Yesterday’s announcement from the CPB, the Dutch DPA, that they were giving Google till the end of February to comply with the Data Protection Act is another sign that European laws on online privacy are now being enforced.
European online privacy and data protection law has a long history, developed over 60 years. Originally based on the right to privacy in Article 12 of the Universal Declaration of Human Rights of 1948 and Article 8 of the 1953 European Convention on Human Rights, then updated through Article 8 of the Charter of Fundamental Rights of the European Union (made legally binding in the EU by the 2009 Lisbon Treaty) and the Protection Directive 95/46/EC (DPD). This was continued by the 2002 ePrivacy Directive 2002/58/EC which was amended in 2009 (EPD).
The action follows the CPB’s earlier statement of November 2013 that Google’s procedures for handling personal data were in breach of the Dutch Data Protection Act. This was in turn based on an investigation by all the European DPAs, united within the Article 29 Working Party lead by the CNIL (the French DPA), that led their conclusion laid out to a letter with recommendations to Google in October 2012
The DPAs found that Google’s activities did not comply with many aspects of the DPD and the EPD. These included the requirements for purpose limitation, data minimisation, access and transparency laid out in Articles 6, 10 and 11 of the DPD as well as the requirement for a subject’s unambiguous consent in Article 7(b), and also the opt-in requirement in Article 5(3) of the EPD.
These conclusions were similar to those made in the YD case we reported in June but more significant considering the size of Google and the scale of its processing of personal data. This is also reflected in the potential fine of €15 million if Google refuses to act.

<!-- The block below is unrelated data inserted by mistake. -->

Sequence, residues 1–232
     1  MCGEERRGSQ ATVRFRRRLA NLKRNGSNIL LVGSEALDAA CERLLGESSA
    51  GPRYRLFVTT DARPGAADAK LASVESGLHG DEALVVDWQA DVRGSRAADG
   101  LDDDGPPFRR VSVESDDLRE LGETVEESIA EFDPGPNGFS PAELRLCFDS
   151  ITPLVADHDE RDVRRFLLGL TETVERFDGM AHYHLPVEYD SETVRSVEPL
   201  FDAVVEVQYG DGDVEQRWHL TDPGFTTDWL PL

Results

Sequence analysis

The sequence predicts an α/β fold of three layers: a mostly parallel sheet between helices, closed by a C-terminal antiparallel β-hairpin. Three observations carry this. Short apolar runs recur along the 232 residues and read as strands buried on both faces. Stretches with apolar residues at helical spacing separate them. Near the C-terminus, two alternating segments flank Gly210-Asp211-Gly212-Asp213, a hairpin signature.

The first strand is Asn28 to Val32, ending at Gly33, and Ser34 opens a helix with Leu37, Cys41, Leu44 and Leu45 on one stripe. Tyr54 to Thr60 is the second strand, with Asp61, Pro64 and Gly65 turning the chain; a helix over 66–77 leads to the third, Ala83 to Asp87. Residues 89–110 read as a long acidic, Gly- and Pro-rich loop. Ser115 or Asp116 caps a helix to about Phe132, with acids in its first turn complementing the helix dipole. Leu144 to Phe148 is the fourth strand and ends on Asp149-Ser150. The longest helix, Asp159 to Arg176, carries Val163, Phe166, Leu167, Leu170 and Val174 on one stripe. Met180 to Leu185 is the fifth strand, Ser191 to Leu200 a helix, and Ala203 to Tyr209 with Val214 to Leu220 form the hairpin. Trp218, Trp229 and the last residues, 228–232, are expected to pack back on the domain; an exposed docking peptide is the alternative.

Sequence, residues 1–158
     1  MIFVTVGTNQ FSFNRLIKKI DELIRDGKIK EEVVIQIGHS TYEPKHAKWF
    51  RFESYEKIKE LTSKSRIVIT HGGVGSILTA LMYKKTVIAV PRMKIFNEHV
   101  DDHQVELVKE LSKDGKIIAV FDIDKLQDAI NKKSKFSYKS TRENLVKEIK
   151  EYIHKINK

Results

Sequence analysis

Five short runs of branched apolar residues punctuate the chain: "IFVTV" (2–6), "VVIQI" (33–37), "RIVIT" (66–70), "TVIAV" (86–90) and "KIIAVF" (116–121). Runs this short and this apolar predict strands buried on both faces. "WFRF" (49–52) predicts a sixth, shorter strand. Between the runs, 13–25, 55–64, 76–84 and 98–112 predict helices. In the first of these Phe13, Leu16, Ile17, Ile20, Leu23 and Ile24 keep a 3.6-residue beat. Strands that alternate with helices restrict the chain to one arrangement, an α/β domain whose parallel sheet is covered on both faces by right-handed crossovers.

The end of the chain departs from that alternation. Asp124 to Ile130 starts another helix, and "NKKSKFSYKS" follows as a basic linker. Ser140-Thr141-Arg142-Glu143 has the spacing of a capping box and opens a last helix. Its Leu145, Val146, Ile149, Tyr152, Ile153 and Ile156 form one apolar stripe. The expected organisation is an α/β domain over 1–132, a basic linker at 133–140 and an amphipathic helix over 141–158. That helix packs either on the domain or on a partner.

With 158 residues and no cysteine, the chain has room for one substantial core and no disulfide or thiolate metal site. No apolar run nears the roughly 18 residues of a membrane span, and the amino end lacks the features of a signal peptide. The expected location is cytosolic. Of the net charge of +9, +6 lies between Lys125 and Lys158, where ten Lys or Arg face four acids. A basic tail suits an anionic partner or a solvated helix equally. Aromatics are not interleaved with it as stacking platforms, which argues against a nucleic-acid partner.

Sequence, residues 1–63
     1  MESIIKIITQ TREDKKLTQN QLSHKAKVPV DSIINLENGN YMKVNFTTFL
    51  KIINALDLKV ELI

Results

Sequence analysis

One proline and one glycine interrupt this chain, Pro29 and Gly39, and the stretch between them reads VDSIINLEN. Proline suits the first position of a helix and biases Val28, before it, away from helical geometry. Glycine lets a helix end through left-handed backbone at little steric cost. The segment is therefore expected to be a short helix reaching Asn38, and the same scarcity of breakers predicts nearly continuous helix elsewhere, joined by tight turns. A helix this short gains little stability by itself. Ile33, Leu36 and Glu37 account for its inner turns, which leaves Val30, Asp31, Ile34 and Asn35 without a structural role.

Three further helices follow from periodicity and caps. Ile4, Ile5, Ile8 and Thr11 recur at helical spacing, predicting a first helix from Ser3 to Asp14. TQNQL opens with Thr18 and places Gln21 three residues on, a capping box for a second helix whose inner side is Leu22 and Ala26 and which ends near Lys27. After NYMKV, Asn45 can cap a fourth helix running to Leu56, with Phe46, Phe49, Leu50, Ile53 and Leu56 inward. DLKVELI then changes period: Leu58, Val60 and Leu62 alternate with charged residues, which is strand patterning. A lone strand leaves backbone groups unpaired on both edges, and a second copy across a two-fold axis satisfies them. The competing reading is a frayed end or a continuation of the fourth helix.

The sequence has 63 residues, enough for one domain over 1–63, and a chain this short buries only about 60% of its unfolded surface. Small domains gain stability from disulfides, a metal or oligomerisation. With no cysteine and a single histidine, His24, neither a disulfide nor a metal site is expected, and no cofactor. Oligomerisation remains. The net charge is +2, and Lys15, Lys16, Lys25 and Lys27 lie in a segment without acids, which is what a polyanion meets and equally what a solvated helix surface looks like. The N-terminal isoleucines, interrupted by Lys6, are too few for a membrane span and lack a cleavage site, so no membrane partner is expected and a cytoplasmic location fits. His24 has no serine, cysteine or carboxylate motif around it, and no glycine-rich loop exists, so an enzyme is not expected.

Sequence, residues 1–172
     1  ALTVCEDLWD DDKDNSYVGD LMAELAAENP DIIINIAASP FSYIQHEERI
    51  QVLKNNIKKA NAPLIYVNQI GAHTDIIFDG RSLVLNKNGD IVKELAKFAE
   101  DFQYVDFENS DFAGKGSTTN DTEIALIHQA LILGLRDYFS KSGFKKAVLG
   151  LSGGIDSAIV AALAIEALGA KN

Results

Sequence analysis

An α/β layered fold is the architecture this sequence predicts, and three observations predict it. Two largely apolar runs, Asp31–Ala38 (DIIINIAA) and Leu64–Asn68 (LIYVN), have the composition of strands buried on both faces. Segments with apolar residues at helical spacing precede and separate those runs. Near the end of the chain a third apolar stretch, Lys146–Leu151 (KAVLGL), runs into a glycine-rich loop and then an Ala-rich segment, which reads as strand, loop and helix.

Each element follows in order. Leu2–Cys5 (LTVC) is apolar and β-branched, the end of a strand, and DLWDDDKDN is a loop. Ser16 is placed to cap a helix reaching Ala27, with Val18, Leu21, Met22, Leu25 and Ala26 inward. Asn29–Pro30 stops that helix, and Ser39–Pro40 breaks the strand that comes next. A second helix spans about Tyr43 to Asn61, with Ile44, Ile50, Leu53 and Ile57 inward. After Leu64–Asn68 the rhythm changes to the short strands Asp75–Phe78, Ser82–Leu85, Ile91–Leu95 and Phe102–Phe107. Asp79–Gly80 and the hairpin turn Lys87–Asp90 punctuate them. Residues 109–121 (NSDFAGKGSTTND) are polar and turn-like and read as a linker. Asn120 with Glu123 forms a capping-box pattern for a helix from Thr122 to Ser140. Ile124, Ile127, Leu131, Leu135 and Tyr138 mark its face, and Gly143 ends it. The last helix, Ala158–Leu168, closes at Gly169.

This is why Google’s PREF and NID cookies are used by spy agencies to identify threads of communication gathered from mass surveillance, as revealed by the Snowden revelations. Multi-year device specific persistent cookies are much more useful for this than variable and non-unique IP addresses and Google’s universal presence on almost all popular websites, together with the relative rarity of encrypted HTTPS channels, makes them the “target detection identifier” of choice.
The CPB action shows that all companies that collect or use personal data, either based in Europe or when the data they use is about Europeans, can only do this in the context of Data Protection law. Data used to track people by associating them with unique identifiers encoded in cookies or collected using techniques such as browser fingerprinting must be processed under a lawful basis, which in most cases means unambiguous prior consent. Playing lip service with ineffective “Allow” jQuery banners while continuing to foist first-party or third-party tracking identifiers or linking to unreadable and arcane “cookie” policies can no longer be said to meet legal requirements. It is now clear that even a huge US internet company like Google risks regulatory action if it continues to allow people to be tracked without a clear legal basis, which for most situations means clear and informed prior consent.